If opportunity knocks – is your business ready to be sold?  Could you pass inspection?

The market for M&A activity is very high in a number of industries.  Opportunities to sell may present themselves when you least expect it. Our advice is that you should be ready to be ready.  With that intention in mind, here is a list that will get your business prepared for due diligence.


  1. Make sure your bank accounts and credit cards are reconciled up to the date of your last month-end.

I am often told by business owners that their books are up to date.  But yet we commonly discover that bank accounts and credit cards haven’t been reconciled in a long time.  What’s the big deal?  If you don’t reconcile the bank accounts with your accounting software you don’t know if you are missing transactions or potentially double counting others.  Ask your bookkeeper to confirm that all bank accounts and credit cards are fully reconciled.


  1. Use your business banks and credit cards for business purchases only.

Not for personal purchases – keep them separate.  It will cut down on confusion for establishing a valuation, simplify reporting and reduce bookkeeping time.  If you are thinking – “I know I know but sometimes it is just more convenient” then consider the cost.  Transactions have to be recorded and then reconciled.  Your bookkeeper has to request receipts.  This can mean up to 10 minutes of bookkeeping time spent recording personal transactions. At $60/hr this could mean the equivalent of a $10 service charge for a single transaction.  Would you run it through the business if it meant paying $10 more?


  1. Get on top of your A/R.

Do you have client invoices that are outstanding more than 60 days?  Run, or ask your bookkeeper to run an Aging Receivables report and then make a focused effort to collect on anything outstanding more than 60 days unless you have great confidence that they will be paying up in the next week or two.  Get this report cleaned up now.  Make a conscious decision about any amounts to be written off and ask your bookkeeper to make sure the entries are completed now.  You don’t want to be highlighting write offs during due diligence so get this spring cleaning done now.


  1. Make sure your T2 and Industry Canada filings are up to date.

Any acquirer will ask for your last year end statements.  When is your fiscal year end?  Did you file your T2?  And did your Accountant provide your year end financials?  Make sure those are done. And also make sure your Industry Canada filings are up to date – they are often forgotten in the day to day.


  1. Is your HST filing up to date and any amounts in arrears paid?  

My lawyer told me that HST is one of the sneakiest killers of M&A.  A common closing condition is attesting that HST has been paid up to date.  If it hasn’t, you need to have enough time for CRA to receive and register a payment.  Believe me the last thing you want to have standing between you and the sale of your business is a government employee struggling in a work from home situation in a pandemic.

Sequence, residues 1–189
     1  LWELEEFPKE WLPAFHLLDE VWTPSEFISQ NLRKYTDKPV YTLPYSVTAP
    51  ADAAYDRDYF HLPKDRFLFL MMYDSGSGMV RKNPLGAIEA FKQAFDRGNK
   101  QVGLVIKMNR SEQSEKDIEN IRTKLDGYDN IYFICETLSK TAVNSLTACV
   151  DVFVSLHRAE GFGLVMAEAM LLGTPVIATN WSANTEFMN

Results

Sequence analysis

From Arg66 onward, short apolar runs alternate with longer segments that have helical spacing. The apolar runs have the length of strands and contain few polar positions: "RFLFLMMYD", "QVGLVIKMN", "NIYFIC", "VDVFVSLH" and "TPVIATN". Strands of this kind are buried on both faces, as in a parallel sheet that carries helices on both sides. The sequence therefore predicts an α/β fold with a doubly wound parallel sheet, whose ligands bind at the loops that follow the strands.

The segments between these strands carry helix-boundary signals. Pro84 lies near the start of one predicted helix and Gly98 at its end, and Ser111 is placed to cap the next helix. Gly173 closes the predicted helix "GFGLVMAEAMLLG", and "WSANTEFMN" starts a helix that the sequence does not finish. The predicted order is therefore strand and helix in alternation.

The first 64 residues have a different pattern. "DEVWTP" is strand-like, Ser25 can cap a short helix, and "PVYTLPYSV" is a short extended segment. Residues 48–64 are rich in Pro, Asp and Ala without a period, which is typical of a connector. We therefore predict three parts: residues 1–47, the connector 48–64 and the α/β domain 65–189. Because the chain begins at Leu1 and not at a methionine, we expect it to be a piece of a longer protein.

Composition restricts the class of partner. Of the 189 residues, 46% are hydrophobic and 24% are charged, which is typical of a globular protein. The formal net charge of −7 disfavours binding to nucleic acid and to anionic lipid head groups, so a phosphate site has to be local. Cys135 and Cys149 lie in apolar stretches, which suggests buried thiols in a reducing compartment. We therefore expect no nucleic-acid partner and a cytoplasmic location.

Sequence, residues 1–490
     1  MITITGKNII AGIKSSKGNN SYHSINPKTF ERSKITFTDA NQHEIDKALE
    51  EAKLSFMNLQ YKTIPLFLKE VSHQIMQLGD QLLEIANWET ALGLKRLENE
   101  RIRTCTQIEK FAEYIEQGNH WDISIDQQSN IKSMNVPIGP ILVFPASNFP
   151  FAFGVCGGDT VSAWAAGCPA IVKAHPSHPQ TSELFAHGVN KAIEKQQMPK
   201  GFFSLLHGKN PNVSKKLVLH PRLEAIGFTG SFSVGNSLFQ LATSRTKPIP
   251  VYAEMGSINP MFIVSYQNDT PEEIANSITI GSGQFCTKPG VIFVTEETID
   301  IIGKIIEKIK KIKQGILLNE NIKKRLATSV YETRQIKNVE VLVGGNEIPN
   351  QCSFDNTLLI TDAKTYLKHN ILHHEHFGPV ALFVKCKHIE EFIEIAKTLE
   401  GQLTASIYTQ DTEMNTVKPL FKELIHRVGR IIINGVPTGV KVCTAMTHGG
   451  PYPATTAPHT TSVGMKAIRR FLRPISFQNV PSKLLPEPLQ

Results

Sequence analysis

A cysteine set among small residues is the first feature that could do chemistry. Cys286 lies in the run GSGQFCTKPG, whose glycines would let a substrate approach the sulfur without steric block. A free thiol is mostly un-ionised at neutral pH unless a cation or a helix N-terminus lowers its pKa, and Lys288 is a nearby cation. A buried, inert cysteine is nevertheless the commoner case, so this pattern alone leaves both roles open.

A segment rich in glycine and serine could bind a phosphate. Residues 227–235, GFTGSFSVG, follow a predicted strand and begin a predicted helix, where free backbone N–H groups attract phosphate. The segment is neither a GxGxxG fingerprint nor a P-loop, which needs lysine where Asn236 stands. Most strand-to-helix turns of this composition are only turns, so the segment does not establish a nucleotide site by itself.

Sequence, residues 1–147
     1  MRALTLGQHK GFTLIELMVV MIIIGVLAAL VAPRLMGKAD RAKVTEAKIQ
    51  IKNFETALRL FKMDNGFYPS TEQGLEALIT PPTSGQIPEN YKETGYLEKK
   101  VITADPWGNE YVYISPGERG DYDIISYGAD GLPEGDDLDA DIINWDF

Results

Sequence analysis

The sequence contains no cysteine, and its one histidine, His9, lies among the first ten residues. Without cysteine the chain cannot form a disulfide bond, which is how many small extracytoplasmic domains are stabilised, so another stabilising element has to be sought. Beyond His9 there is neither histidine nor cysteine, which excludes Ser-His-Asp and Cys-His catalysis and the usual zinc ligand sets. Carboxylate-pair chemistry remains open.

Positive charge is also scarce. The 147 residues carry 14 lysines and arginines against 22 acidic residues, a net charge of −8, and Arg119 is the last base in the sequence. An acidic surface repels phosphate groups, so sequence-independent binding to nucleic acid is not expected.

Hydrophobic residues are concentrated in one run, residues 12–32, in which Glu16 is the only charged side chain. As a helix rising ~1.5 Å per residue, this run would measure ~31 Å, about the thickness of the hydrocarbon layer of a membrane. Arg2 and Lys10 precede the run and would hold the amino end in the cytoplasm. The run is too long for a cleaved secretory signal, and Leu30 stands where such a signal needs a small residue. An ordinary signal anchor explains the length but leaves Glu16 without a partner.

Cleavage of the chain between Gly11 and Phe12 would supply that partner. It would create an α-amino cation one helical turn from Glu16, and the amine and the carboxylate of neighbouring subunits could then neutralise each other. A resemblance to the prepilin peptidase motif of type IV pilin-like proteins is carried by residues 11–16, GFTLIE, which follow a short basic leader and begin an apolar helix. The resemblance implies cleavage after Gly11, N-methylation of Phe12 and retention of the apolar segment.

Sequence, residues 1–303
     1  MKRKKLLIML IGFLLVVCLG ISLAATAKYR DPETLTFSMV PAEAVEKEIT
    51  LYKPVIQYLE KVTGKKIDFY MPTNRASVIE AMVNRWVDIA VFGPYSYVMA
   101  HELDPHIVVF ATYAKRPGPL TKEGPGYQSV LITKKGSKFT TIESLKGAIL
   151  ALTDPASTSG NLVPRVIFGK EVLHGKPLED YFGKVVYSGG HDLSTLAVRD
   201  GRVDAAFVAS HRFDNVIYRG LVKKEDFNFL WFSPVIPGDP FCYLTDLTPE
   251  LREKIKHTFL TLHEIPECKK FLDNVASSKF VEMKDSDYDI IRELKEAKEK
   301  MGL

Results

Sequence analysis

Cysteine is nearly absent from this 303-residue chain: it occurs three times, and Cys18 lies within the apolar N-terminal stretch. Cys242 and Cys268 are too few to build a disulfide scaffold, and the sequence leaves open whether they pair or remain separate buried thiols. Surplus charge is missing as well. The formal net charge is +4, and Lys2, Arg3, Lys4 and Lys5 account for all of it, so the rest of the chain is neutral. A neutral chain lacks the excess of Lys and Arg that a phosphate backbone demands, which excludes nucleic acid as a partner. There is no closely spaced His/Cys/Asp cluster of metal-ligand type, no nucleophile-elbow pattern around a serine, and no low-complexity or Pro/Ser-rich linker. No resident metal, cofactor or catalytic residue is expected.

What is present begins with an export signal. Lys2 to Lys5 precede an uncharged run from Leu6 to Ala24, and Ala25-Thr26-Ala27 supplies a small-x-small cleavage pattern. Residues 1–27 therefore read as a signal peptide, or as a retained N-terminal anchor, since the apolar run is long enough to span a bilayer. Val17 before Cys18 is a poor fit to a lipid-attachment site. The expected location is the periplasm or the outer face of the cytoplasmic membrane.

1. Clean up your balance sheet.

Business owners do a pretty good job understanding Income Statements (aka  P&L).  But how often do you even look at your balance sheet?  Year end adjustments are generally a result of ‘spring cleaning’ the balance sheet at year end.  Go through each line item with your bookkeeper and make sure you agree with the ending balances.


  1. Make sure you can show 3 years of monthly revenue by client.

If you are SaaS, you’ll want to make sure you have 3 years of MRR by client.  If you only have basic bookkeeping in place this may take some time to compile as basic bookkeepers love to default to journal entries that bulk expenses and revenues instead of recording each transaction independently. You may need to reconstruct the information from either a CRM or in excel.


  1. A buyer will be interested in understanding your spend by vendor.  

Again, weak bookkeeping is going to be a problem because the old school ways group transactions and only mention vendors in memo notes.  A memo note is a description but is not a taggable variable so reporting becomes very tedious and time consuming.


  1. Payroll is a key area of focus in M&A. 

There are things you can do today that will put you in good shape for acquisition.  Make sure you have signed copies of all employment agreements on file.  Create a master employee worksheet that lists employee names, titles, birth dates, start dates, current salary, most recent salary increase, any commissions or bonuses, the number of weeks vacation they are entitled to and the amount of their vacation and commission balances that are owing as of today. Don’t forget to include any staff that are on leave (long-term disability included).


  1. Contracts. 

Make sure you have copies of any client agreements as well as any leases or loans.


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